France supporting nuclear power in Italy, France

French President Nicolas Sarkozy said his country is willing to work with Italy on nuclear power as part of a common energy strategy in response to high oil prices.

Eric Watkins
Senior Correspondent

LOS ANGELES, June 3 -- French President Nicolas Sarkozy said his country is willing to work with Italy on nuclear power as part of a common energy strategy in response to high oil prices.

Sarkozy's comments, which came after a meeting with Italian Prime Minister Silvio Berlusconi, coincided with ongoing public protests in France and Spain over the high cost of fuel for homes and transportation.

The French president's remarks followed reports last week that the Italian government, seeking to reverse the results of a 20-year-old referendum, wants to begin construction of nuclear power stations to reduce the country's dependence on imported oil and gas.

"During the term of this parliament we will lay the first stone for the construction in our country of a group of new-generation nuclear power stations," said Economic Development Minister Claudia Scajola.

"We can no longer avoid an action plan for a return to nuclear power," Scajola told the Italian employers' federation Confindustria.

The announcement by Scajola appears to reverse the results of a 1987 referendum that renounced nuclear power generation and closed the country's four nuclear plants. The referendum followed the Apr. 26, 1986, nuclear disaster in Chernobyl, Ukraine.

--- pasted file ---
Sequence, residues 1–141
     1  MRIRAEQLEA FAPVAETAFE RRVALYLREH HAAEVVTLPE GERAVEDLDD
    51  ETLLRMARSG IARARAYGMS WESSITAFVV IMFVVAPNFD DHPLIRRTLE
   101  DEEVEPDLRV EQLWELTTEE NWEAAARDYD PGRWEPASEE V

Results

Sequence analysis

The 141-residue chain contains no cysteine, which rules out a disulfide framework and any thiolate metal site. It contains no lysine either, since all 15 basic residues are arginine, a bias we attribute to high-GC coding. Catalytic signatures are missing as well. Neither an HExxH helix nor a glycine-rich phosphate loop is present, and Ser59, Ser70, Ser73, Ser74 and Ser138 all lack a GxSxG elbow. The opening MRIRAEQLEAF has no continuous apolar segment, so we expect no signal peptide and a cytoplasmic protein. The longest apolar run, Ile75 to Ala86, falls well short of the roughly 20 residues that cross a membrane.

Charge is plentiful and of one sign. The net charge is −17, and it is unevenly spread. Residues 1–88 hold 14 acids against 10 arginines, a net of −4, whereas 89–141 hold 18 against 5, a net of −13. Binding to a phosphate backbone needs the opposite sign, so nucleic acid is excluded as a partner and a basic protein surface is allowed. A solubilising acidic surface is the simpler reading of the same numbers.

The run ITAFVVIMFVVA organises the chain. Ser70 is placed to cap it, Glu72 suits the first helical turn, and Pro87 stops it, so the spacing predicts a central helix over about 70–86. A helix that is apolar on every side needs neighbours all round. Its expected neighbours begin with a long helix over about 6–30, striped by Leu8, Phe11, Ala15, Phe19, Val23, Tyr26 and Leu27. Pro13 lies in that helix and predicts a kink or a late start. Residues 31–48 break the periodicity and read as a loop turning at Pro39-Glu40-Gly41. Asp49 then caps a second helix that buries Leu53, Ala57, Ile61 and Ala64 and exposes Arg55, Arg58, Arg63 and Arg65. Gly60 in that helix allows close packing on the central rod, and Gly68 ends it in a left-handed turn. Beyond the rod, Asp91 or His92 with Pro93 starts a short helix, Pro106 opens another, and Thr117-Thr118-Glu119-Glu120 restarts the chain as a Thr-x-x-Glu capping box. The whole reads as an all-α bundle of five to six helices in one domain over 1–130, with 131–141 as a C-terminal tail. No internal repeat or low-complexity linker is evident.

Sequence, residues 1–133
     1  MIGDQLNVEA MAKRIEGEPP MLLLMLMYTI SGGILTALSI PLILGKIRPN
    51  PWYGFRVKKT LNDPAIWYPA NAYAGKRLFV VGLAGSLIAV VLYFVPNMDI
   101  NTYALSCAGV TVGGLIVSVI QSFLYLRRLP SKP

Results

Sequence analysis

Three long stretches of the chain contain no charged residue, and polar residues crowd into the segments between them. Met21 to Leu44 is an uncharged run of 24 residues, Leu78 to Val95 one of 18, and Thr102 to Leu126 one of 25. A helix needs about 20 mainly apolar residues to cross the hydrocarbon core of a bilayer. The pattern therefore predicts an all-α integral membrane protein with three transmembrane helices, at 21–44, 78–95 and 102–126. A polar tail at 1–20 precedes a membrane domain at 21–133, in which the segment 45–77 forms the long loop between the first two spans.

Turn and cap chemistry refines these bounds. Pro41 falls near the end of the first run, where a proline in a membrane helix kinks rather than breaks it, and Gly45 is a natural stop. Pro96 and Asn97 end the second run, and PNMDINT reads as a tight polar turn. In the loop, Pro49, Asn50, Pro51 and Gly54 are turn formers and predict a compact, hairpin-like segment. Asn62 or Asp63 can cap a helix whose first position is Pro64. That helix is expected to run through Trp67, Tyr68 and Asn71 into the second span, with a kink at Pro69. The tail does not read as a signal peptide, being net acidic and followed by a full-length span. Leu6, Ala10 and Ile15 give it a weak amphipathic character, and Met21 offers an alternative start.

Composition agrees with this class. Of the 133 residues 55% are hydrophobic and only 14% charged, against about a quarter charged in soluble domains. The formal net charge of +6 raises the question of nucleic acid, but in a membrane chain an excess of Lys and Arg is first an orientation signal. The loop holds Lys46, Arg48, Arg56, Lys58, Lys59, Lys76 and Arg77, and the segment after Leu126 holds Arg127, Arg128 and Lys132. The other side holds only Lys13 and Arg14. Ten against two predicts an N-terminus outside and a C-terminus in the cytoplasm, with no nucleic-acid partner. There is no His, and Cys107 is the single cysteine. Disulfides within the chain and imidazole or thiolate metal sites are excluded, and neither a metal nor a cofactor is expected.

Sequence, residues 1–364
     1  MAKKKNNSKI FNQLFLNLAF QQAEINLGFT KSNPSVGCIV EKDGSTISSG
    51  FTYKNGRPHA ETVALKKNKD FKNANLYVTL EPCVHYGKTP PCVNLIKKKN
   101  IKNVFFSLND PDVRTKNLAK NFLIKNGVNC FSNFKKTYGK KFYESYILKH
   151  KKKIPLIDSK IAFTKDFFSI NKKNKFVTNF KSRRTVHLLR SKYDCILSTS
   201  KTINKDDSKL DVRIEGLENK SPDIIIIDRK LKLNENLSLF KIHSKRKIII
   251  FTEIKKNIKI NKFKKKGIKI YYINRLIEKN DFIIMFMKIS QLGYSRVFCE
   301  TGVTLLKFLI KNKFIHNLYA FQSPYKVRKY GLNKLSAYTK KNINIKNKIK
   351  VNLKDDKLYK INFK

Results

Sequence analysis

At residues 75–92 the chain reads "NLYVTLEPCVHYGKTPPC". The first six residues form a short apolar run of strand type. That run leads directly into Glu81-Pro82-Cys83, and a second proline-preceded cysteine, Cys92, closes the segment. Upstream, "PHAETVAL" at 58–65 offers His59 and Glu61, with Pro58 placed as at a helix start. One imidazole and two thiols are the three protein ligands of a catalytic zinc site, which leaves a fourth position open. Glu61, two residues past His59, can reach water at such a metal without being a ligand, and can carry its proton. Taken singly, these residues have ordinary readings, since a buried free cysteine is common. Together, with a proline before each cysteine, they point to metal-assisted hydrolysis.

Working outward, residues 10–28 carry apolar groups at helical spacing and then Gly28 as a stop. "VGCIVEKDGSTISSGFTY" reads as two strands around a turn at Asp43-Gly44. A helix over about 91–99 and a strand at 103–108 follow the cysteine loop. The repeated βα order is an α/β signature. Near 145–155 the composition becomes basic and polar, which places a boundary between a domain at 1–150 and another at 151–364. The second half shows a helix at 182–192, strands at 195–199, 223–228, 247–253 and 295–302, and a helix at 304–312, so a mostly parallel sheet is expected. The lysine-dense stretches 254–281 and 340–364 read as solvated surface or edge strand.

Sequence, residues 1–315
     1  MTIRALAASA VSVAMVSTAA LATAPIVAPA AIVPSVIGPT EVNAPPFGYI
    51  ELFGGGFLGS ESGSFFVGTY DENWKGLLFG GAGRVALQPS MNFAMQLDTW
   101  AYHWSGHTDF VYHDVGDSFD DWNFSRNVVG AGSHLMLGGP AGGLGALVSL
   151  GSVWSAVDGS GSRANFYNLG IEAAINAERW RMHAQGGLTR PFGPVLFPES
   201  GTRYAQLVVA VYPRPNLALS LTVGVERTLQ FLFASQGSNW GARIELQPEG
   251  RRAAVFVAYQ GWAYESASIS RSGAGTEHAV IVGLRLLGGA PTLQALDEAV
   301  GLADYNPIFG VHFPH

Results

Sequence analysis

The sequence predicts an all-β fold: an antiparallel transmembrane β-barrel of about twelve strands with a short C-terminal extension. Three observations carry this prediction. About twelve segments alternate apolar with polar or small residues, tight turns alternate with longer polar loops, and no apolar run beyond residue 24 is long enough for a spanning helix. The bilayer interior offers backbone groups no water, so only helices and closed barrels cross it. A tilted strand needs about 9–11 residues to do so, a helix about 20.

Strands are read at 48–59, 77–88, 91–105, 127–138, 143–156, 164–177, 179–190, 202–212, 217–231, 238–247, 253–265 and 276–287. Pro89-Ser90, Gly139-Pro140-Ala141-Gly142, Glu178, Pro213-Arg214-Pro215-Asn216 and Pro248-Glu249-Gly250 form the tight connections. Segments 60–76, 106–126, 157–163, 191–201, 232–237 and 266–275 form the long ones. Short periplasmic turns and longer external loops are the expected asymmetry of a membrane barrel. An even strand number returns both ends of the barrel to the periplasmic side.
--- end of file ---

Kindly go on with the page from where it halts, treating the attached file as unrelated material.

Confindustria head Emma Marcegaglia agreed with the government decision, saying the time has come "to invest in nuclear energy," as Italy has become too dependent on foreign energy sources.

Fulvio Conti, head of Italy's principal power group Enel, also agreed, saying his company was "technically ready" to take part in the initiative.

"It's a good start on the part of the government, which confirms the need to diversify (energy) sources and to invest in infrastructure," he told state news agency Ansa. The Italian government, either directly or indirectly, has a 30% stake in Enel.

Speaking in April at an International Energy Forum in Rome, Conti said Italy, which generates around 60% of its energy from gas, was "too dependent" on foreign imports.

At the forum, Conti said it would likely take 7-10 years for a new nuclear generator to come online: 7 years on an already licensed site or 10 years on a site where construction was not yet licensed.

If the government proceeds with its plans, Enel is thought likely to begin construction at Montalto di Castro, where it initiated construction on two pressure water reactors in the 1980s.

Although the Montalto facility was partially dismantled after the 1987 referendum, Enel still owns the site.

Environmental groups in Italy immediately attacked any plan to bring back nuclear power. Giuseppe Onufrio, a director of Greenpeace Italy, called the announcement "a declaration of war."

Contact Eric Watkins at hippalus@yahoo.com.

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